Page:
A number of pieces of comics art created by the late Marvel legend John Buscema, and owned by his family, have been stolen, according to Buscema's daughter. Dianne Buscema-Gerogianis, who released photos of a few of the pieces, and asked fans to keep their eyes open for the pieces. She says that the family have already alterted authorities, and that the police investigation limits what she is comfortable saying in public, but thanked fans for their support, and for keeping their eyes and ears open. The pieces range from what appears to be a commission featuring Marvel's Mephisto to original art from Just Imagine Stan Lee Creating Superman.
Buscema-Gerogianis did not provide much in the way of specific details about the theft. It sounds, based on her phrasing, like the art was specifically targeted, and not taken as part of a break-in or otherwise more random crime.
"I am reaching out to you all as 45 pieces of Dad's original artwork was stolen from our family this morning," Buscema-Gerogianis said on Facebook. "I cannot go into detail as the police and authorities have been notified. I am asking to please contact me if you hear or see anything for sale. I cannot post photos of everything that has been taken, but I am posting some."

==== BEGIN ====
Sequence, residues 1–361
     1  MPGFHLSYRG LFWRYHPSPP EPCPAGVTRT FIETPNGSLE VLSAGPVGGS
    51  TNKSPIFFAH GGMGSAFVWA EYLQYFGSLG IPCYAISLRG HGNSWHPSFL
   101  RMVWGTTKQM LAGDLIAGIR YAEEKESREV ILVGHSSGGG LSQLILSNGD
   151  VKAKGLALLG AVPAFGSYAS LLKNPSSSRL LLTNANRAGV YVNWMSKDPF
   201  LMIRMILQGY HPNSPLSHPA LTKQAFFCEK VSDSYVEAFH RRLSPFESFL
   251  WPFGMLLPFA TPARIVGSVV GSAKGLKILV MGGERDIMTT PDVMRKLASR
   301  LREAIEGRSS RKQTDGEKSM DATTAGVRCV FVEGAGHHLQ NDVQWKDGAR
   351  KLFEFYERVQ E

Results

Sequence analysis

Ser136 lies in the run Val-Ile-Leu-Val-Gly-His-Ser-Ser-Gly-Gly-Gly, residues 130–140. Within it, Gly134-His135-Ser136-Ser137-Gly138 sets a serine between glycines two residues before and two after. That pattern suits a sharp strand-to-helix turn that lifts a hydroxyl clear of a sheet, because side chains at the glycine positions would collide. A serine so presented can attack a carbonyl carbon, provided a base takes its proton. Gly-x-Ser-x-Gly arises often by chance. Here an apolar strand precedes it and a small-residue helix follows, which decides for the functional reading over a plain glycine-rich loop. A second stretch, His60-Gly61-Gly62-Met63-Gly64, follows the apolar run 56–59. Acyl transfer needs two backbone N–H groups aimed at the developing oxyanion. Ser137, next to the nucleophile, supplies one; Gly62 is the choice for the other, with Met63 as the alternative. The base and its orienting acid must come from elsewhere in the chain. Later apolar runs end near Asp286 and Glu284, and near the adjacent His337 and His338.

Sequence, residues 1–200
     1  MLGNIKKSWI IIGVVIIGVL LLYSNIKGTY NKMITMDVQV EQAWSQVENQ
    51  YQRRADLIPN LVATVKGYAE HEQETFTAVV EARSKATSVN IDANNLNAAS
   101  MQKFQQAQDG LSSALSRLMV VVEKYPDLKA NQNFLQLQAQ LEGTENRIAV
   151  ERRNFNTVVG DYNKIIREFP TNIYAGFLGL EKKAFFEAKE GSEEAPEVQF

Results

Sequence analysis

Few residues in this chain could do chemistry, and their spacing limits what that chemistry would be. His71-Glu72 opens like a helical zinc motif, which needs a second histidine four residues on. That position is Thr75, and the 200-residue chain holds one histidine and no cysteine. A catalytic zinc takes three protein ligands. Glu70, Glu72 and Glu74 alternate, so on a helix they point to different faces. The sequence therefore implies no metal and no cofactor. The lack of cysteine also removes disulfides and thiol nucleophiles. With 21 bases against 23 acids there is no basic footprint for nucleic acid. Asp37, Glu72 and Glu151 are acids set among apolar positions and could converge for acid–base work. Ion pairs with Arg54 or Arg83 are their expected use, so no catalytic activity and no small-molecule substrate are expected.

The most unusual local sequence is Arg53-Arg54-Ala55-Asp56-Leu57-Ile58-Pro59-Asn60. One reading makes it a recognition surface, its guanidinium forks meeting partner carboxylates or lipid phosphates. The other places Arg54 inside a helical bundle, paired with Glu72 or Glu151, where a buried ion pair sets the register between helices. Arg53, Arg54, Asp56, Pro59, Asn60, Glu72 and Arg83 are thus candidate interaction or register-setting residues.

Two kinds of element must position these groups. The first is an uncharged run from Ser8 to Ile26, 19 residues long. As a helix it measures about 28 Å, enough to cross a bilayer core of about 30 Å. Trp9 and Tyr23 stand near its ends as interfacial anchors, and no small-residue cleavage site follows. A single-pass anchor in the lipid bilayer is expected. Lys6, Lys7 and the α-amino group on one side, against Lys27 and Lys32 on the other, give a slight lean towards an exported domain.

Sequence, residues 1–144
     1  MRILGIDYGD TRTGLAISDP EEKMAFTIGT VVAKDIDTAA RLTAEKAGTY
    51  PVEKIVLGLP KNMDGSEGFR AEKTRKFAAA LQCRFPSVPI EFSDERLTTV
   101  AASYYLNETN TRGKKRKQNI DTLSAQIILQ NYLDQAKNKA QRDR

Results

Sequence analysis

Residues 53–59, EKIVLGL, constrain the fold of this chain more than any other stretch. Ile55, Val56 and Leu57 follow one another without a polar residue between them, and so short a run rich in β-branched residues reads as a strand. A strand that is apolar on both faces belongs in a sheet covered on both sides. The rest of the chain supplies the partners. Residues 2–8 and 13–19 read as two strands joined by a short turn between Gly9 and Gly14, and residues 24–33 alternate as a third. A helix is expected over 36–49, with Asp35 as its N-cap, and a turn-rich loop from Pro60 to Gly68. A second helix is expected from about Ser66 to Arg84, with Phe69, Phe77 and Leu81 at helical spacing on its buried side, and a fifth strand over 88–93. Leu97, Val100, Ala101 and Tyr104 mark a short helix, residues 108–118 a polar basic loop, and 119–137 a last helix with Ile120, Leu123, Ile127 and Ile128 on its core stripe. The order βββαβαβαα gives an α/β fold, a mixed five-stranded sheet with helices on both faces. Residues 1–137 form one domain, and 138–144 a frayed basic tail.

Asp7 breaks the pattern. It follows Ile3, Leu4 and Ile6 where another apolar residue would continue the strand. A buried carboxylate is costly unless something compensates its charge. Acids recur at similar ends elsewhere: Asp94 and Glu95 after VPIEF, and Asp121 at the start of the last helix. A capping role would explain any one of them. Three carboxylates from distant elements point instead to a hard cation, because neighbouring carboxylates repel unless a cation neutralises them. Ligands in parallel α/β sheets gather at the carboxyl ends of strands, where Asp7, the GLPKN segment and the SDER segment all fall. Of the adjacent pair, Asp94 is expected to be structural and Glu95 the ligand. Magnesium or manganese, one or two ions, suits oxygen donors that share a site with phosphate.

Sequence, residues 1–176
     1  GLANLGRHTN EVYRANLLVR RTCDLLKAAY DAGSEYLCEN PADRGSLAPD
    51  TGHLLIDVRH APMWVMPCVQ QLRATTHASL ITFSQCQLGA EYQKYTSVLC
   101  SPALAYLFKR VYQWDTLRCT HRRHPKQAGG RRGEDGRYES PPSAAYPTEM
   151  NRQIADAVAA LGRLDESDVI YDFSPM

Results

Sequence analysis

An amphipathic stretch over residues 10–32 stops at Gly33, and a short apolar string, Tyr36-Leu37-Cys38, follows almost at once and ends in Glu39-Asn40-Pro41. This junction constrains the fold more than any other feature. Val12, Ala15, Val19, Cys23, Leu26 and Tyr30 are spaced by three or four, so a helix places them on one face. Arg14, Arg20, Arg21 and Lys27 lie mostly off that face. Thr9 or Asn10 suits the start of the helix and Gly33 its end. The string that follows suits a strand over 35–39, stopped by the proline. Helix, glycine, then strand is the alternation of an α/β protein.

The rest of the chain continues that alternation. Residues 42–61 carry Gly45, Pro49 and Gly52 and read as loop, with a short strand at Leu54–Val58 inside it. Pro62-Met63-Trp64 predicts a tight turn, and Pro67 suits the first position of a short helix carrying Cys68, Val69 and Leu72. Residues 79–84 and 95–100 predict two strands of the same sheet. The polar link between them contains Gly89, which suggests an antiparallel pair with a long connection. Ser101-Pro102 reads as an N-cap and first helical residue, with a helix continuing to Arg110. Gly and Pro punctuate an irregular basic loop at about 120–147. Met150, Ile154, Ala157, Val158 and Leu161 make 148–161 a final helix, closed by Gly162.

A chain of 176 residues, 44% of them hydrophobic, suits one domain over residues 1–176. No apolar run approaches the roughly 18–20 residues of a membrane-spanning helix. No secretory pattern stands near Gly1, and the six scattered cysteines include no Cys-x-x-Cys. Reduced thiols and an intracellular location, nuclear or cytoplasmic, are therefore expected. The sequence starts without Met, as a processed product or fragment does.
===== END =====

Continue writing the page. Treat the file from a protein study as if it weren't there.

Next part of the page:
Comic book artists like Joe Jusko, Josef Rubenstein, and Walter Simonson have lent their hand to helping the family spread the word on social media -- something particularly helpful since Buscema-Gerogianis is not a celebrity, and so has a small social media footprint that might not reach a lot of eyes without assistance from the industry.
Art theft in comics is somewhat more common than it is in the wider art world. One major deterrent in terms of stealing rare art is the prospect of getting caught when you try to sell it...but since comics generate such a high volume of original content, and much of it was never returned to the artists properly in the first place, it's more difficult to get a precise bead on what specific items are stolen goods.
Buscema, who passed away in 2002, was a legend at Marvel, who helped fuel the publisher through the '60s and '70s. He worked on virtually every comic at Marvel over the course of his years with the company, but is arguably best known for his hundreds of issues of Conan the Barbarian and his lengthy runs on The Avengers and Silver Surfer.
You can see a gallery of the missing art below.